Abstract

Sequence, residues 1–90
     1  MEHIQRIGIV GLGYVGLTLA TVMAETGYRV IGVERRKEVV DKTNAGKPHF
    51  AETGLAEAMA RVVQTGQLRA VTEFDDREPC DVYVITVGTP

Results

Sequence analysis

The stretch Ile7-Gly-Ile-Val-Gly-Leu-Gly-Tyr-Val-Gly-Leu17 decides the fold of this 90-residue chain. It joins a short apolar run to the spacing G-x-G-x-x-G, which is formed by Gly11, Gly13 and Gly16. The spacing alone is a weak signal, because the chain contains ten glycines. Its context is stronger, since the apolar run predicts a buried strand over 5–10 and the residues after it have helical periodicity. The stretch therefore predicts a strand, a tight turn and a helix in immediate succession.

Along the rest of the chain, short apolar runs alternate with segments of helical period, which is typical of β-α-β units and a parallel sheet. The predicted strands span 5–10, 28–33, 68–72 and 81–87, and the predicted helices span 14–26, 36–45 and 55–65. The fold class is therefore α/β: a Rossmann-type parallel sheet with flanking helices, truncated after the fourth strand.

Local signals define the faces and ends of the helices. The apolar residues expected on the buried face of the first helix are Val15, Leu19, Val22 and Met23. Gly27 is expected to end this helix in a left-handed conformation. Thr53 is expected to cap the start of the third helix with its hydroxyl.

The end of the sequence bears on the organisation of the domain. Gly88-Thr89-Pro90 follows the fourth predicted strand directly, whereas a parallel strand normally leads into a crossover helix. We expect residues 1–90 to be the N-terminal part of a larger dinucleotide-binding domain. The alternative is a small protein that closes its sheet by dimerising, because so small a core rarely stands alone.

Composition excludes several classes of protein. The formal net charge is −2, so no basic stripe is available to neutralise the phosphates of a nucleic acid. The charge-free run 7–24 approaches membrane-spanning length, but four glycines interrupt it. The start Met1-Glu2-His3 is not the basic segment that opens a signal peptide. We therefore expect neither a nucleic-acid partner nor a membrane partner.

The Altyn Tagh fault system, a key structural feature in the tectonic collage of central Asia, is an active left-lateral strike-slip fault system. However, its age of initiation, kinematic history, and total magnitude of displacement are not well known. Middle Jurassic nonmarine sedimentary rocks that crop out along the central segment of the Altyn Tagh fault were deposited in a contiguous Tarim-Qaidam foreland-style basin that was geodynamically linked to Mesozoic contraction in the Tian Shan, Bei Shan, Qilian Shan, and Kunlun Shan. This study documents the best evidence of a piercing point to date, consisting of an offset lacustrine shoreline demarcated by Aalenian-Bajocian open lacustrine strata to the west and fluvial and alluvial strata of comparable age to the east. Detrital compositions, palynology, paleocurrents, and lithostratigraphy support correlation of these sections. Restoration of this Jurassic facies boundary indicates 400 ± 60 km of post-Bajocian left-lateral separation on the Altyn Tagh fault. Consistent with this result, restoration of the Jurassic shoreline aligns felsic plutons across the western segment of the Altyn Tagh fault system that may have been left-laterally offset by 360 km. These two pairs of offset features suggest that the current best estimate for net magnitude of post-Bajocian left-lateral separation on the Altyn Tagh fault is about 360 km.

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